Now, if the Republicans show up, Obama just has to ask them what they want. Force them to take public positions on subsidies, on the exchange, on pre-existing conditions, etc. Hash it out live. The Republicans cannot simply show up and then oppose everything -- in no small part because, as many people have pointed out, the individual components of the legislation are actually quite popular.

And, just as notably, once Republicans show up and people watch their ideas being incorporated into the legislation, they cannot subsequently pretend that they have nothing to do with the bill. It will create the *impression* of a joint effort, which is a best-case outcome for Obama and for the reform's political prospects.

The most important thing, though, is that it looks really bad for Republicans if someone really publicly extends an olive branch, offers to listen to them, and they shoot it down. Yes, this has been going on in private -- see Grassley, Chuck. But Obama has the power to make it really visible -- to be able to encapsulate that idea into the kind of simple description that can alter the political discourse -- and he needs to take advantage of that power.

Posted by: jeffwacker | January 25, 2010 5:35 PM | Report abuse

Steven Benin has it right. The healthcare reform bill is one-half composed of Republican ideas. The negative reaction to it in the country has been doggedly drummed-up for nearly a year by those same Republicans, who simply don't want the Democrats to score the political win. It is indeed the old Bill Kristol playbook. That they have libertarian teaparties on their noisy right helps them, see the recent Massa. mini-quake -- although the teaparty also threatens the Republican establishment, at least as Limbaugh now rides the herd. (In another era, the moderate Republicans would pass the reform. Healthcare costs are starting to adversely affect the international competitiveness of U.S. businesses. Though the Repubs might not pay for it -- look at Medicare part D.) Meanwhile, the Democrats can't sell the coverage mandate to their progressive left, without the public option. I predicted this back in August: Because the reform is making you pay money to the useless and really offensive private insurance companies. I think if healthcare reform is passed and people start to discuss its trade-offs in detail, the Democrats should immediately start banging-the-drum to elect more Democrats to vote for a public option to drive the insurance companies into offering a nonprofit plan, if you individually want it, and save 6 cents to 10 cents out of your every healthcare dollar. Because basically they really are useless.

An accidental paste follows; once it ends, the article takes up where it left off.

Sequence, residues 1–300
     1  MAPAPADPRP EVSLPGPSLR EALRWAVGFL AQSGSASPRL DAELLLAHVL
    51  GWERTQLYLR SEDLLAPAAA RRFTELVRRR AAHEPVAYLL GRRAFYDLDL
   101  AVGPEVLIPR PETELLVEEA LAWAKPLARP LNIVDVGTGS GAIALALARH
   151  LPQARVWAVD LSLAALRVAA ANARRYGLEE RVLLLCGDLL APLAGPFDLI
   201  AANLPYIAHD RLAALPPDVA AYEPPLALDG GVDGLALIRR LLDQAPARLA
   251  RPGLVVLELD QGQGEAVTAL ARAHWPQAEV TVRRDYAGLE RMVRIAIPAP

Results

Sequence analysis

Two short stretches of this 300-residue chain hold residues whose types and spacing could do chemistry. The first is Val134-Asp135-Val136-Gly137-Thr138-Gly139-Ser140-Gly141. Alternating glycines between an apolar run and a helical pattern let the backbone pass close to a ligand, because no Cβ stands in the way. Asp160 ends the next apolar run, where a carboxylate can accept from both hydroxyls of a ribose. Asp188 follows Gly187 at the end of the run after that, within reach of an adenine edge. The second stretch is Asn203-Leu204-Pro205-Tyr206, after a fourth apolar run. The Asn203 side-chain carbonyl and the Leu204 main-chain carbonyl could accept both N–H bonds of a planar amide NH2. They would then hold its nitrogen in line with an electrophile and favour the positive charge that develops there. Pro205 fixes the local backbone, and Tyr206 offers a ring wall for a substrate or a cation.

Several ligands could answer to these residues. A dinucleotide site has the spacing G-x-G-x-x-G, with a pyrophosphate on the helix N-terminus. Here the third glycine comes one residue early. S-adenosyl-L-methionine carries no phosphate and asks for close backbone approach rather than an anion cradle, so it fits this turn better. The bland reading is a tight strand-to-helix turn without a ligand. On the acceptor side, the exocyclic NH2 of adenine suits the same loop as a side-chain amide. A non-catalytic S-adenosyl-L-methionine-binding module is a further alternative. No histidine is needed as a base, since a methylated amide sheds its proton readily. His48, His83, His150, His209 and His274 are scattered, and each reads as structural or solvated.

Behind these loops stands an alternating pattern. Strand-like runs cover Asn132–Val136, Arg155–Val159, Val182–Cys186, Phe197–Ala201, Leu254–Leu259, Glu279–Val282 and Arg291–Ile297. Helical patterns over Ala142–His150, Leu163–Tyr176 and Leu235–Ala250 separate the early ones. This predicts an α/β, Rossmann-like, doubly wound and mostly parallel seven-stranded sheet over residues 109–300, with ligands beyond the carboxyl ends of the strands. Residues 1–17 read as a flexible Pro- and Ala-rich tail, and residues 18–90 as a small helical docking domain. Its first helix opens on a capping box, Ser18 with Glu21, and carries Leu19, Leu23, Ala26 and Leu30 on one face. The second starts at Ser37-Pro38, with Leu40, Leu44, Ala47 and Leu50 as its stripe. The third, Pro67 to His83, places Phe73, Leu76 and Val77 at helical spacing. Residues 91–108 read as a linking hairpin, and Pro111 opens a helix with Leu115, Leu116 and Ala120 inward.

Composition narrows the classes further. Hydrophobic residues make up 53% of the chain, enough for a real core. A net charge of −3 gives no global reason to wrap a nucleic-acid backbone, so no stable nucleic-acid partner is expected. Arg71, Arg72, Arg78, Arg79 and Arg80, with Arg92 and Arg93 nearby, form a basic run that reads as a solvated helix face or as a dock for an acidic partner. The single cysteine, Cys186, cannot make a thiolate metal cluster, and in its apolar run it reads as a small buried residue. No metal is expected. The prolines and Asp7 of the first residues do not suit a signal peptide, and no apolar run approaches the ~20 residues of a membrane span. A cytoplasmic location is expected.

Posted by: Lee_A_Arnold | January 25, 2010 5:44 PM | Report abuse

The link provided seems to be most persuasive blog on why the HCR needs to be passed by the House. I was very much against the Senate version, but the article has convinced me that passing it will not only energize the base but also the independents once the good things about the bill are discussed on various news outlets. I am now for the current HCR to be passed. Lets go for it!

Posted by: ns3k | January 25, 2010 6:06 PM | Report abuse

Posted by: mjp8
More and more democratic voices seem to be coalescing around the same, simple strategy: pass the Senate bill and then fix what you can.
------------------------------------------------------------------------
It really doesn't matter much what some democrats or pundits say. The only judgements that count are those of about 20 swing voters in the House, and those people are trying to gauge the mood of their constituents. They don't give a hoot about arguments made elsewhere.


Posted by: HuckFinn | January 25, 2010 9:14 PM | Report abuse

The part about Ezra being a health care expert was pretty amusing.

As for the rest ...

The House members never voted for the Senate bill, they voted for a bill paid for by the rich through a surtax.

Based on data from Joint Tax, the cost of the Senate bill falls almost entirely on the middle class.

Now that the public knows that the "Cadillac" tax is actually a tax on middle class and together with cuts to Medicare fund the entire bill for the second decade ... No Democrat in their right mind will ever vote for the Senate bill.

Unless there is 60 votes in the Senate to raise taxes on those earning over $250,000.00 a year to pay for reform ... it is DEAD!

Posted by: cautious | January 26, 2010 3:27 AM | Report abuse

This piece says it all. Benen gets it exactly right. This week's crucial, I do hope people are making a lot of phone calls to their Democratic congresspeople.

Posted by: opinionpieces | January 26, 2010 3:07 PM | Report abuse